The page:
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Running Mechanics: Advanced

If you know Blue Devils, then you know we are huge on running mechanics. A significant tenant of our training methodology involves quality, focusing on training athletes to develop running as a skill. Improving our running technique has numerous benefits, including speed, efficiency, and injury prevention. By learning to run properly, we are teaching the body how to produce force and propel us forward while minimizing unnecessary movements.

The Science

Neural Plasticity

The nervous system is largely responsible for such efficiency when we talk about motor learning. The nervous system is essentially the link between our brain (the control centre) and our muscles (the effectors), and therefore is responsible for controlling our movements. And when neurons fire together, they wire together. Similar to muscles that are trained, neurons have the ability to grow and strengthen with practice. This phenomenon, the nervous system’s ability to make structural changes, is referred to as neural plasticity. If we continually practice poor, fatigued, sloppy running technique, then our nervous system strengthens these patterns and they become our default. But, the more we practice proper running mechanics with drills, the better habits we build and the more we strengthen our body to run efficiently. This is where quality comes into play, and explains how more is not better, but better is better.

Motor Learning

In order for motor learning to occur, we need to challenge the problem-solving abilities of the brain and the body together. In this sense, efficient running technique is the problem that we want to solve, and therefore running mechanics drills are the practice problems we are going to use. Similar to learning math, we cannot begin with quadratic formula. First we need to learn addition, subtraction, and multiplication … and then practice the basics of BEDMAS in much simpler practice problems. Breaking down the ideal running stride into simpler drills allows us to initially solve one problem at a time; knee drive, ground contact, and leg recovery. This was the purpose of part 1 of our running mechanics article, and is a great way to initially teach athletes how to run. Running Mechanics For Beginners should be the starting point for any runner! Even experienced runners should focus on the basics, especially at the beginning of each season. However, similar to muscles, as the season continues and the body adapts, we need novel ways to stimulate the body if we want to continue to elicit adaptations.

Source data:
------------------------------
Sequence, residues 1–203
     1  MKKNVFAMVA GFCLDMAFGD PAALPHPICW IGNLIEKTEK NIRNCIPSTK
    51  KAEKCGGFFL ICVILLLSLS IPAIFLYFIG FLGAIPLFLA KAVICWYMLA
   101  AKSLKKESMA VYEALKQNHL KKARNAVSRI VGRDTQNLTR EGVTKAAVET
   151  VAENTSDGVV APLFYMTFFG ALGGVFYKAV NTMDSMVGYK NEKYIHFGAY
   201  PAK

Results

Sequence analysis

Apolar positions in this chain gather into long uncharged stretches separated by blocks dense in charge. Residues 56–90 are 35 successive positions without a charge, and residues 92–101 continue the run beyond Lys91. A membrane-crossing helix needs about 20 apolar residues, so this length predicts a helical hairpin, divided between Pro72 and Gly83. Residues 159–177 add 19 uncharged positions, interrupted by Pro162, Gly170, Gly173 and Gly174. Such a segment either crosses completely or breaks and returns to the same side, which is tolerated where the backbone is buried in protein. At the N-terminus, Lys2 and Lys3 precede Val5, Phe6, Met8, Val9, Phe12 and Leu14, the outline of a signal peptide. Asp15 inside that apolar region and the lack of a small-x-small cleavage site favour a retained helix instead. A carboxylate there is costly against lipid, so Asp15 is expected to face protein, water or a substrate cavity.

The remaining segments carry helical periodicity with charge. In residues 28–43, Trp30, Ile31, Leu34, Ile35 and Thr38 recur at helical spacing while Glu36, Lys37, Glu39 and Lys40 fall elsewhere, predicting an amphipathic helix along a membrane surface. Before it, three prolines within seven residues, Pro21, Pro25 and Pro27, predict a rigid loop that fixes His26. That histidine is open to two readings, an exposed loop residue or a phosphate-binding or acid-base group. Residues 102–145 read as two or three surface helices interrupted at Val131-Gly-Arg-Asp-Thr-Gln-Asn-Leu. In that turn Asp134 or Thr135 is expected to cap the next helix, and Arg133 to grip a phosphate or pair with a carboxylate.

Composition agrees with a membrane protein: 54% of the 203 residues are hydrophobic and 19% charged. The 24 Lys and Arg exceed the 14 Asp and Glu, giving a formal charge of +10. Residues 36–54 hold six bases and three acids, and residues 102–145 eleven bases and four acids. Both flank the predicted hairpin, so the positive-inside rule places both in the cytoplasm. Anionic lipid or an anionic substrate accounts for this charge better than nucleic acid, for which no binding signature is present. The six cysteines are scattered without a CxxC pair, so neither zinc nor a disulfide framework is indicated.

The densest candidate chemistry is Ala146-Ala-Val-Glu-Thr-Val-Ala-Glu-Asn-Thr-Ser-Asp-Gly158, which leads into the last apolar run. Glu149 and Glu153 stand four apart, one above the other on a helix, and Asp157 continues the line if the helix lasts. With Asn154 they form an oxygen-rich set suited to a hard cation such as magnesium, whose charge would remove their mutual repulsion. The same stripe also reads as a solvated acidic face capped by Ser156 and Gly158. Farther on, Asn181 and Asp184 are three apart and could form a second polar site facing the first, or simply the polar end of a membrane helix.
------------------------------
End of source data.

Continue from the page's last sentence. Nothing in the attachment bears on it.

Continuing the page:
Variable Practice

This is where variable practice comes into play. We will continue to challenge the problem-solving abilities of the brain and body together by varying aspects of the movement patterns within one drill complex, while maintaining the key points of a running stride to facilitate learning. This means that the outcome is the same, but how we get there will vary. For example, the outcome of the B Complex drill is ground contact, and all of the key features associated with how the foot strikes the ground. But we will vary the movements preceding the outcome, challenging the body to still produce the proper outcome. In this sense, we are teaching the body to produce these efficient keys to running while changing other parts of the movement. This will improve the transfer of motor learning into our performance!

The Application

A common phrase is “practice makes perfect,” but as described above it is more accurate to state, “practice makes permanent.” The more that proper running technique is practiced, the greater neural plasticity will occur in your favour. By adding drills such as these prior to your interval workouts, tempos, and even recovery days, the brain and body will have more opportunities to engrain good movement habits, and these neural pathways will strengthen. Similar to studying for a test, cramming the night before is seldom the best approach. Instead, frequency is king. I suggest including x3 rounds of one of these drills prior to a run, and alternating between the drills 3 times each week. For example: